Identification. "Lunda" is the most widely used English term to refer to literally hundreds of social groups whose oral histories link them in varying ways to a far-flung empire that controlled trade and tribute in much of Central Africa from the sixteenth through the nineteenth centuries. Local names for groups tend to reflect either geographical position, topographical features, or names of founding lineages of local ruling dynasties.
Location. The Lunda are broadly distributed in eastern Angola, southern Zaire, and northern and western Zambia. Most of this territory is characterized by high plateau ranging between 1,200 and 1,500 meters above sea level. The vegetation-soil types are generally described as Northern Brachystegia woodlands on clayey plateau soils in the extreme north, Northern Brachystegia woodlands on Kalahari Contact soils in the central region, and Cryptosepalum forest and Cryptosepalum-Brachystegia woodland on upland and central sands in the south. The landscape, however, is broken up into myriad micro-ecological niches, corresponding to bands of changing soil type and variations in elevation. The most common are thick forest, forest of low stunted trees, gallery forest along rivers, grassy plains, and sparse shrub land at the edge of plains. There are three rather distinct seasons. There is a rainy season that runs from roughly September to April, during which time 15 to 28 centimeters of rain may fall. May to July is the cold, dry season, during which time the temperature regularly drops down to around 4° C, and night frost sometimes occurs in low-lying valleys. August to September is the hot dry season, with temperatures regularly soaring into the 30s (C).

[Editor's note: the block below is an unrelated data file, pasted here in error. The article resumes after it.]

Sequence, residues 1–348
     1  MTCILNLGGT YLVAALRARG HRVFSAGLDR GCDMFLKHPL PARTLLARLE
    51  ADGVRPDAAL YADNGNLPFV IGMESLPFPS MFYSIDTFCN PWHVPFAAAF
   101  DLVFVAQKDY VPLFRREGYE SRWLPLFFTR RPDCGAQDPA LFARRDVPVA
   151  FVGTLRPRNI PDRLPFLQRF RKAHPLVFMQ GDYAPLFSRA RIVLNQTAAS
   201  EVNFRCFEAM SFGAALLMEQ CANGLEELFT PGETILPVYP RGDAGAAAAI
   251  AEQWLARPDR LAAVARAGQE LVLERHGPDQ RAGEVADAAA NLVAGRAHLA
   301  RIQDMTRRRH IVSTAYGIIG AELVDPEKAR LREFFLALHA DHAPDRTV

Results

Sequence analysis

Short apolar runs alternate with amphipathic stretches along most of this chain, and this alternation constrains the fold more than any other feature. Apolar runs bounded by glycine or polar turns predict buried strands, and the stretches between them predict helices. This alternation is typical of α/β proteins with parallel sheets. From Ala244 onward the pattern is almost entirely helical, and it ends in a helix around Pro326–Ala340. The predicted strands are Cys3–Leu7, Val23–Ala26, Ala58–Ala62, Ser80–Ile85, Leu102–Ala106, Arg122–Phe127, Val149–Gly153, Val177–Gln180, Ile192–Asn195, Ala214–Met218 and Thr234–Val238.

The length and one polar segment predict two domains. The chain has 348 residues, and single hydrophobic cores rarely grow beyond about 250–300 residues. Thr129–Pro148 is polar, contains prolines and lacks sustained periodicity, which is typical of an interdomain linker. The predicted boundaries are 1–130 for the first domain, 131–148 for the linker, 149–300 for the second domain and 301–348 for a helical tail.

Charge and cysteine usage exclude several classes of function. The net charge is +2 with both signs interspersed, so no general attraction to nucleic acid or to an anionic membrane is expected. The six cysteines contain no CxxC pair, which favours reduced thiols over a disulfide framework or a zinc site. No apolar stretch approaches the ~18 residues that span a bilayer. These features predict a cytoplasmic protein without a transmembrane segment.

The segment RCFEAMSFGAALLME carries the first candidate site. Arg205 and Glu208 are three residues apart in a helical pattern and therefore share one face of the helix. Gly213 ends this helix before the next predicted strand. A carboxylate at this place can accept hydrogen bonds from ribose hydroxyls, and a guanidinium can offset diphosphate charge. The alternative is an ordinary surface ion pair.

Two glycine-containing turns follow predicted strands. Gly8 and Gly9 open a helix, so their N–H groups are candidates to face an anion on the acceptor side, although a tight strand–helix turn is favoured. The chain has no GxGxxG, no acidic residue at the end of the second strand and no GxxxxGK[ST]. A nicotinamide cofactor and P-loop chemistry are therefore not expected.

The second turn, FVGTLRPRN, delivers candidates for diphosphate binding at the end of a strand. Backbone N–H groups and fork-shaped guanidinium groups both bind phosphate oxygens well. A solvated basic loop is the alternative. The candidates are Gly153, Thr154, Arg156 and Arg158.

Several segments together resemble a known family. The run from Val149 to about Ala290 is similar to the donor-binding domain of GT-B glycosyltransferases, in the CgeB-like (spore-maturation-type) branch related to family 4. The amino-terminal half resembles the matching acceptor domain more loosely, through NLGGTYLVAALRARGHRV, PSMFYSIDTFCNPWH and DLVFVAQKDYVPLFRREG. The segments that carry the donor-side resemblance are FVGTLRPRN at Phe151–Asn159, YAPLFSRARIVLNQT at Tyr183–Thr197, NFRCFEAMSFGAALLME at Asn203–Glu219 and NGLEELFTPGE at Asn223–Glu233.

Demography. No reliable census figures exist for the number of individuals who consider themselves Lunda. A rough estimate is 500,000 in Angola, 750,000 in Zaire, and 200,000 in Zambia. Population densities range as low as 0.8 persons per square kilometer in some rural areas, but reach extremely high ratios in urban areas of all three countries.
Linguistic Affiliation. The Lunda language is Western Bantu at its root, with some overlay of Eastern Bantu and with local influences from the languages of people who existed in Central Africa before the Bantu expansion. A core vocabulary is mutually intelligible over vast areas, but understanding decreases as one moves away from the central point. Some groups, such as the Luapula Lunda, have almost completely adopted the language of the people among whom they settled.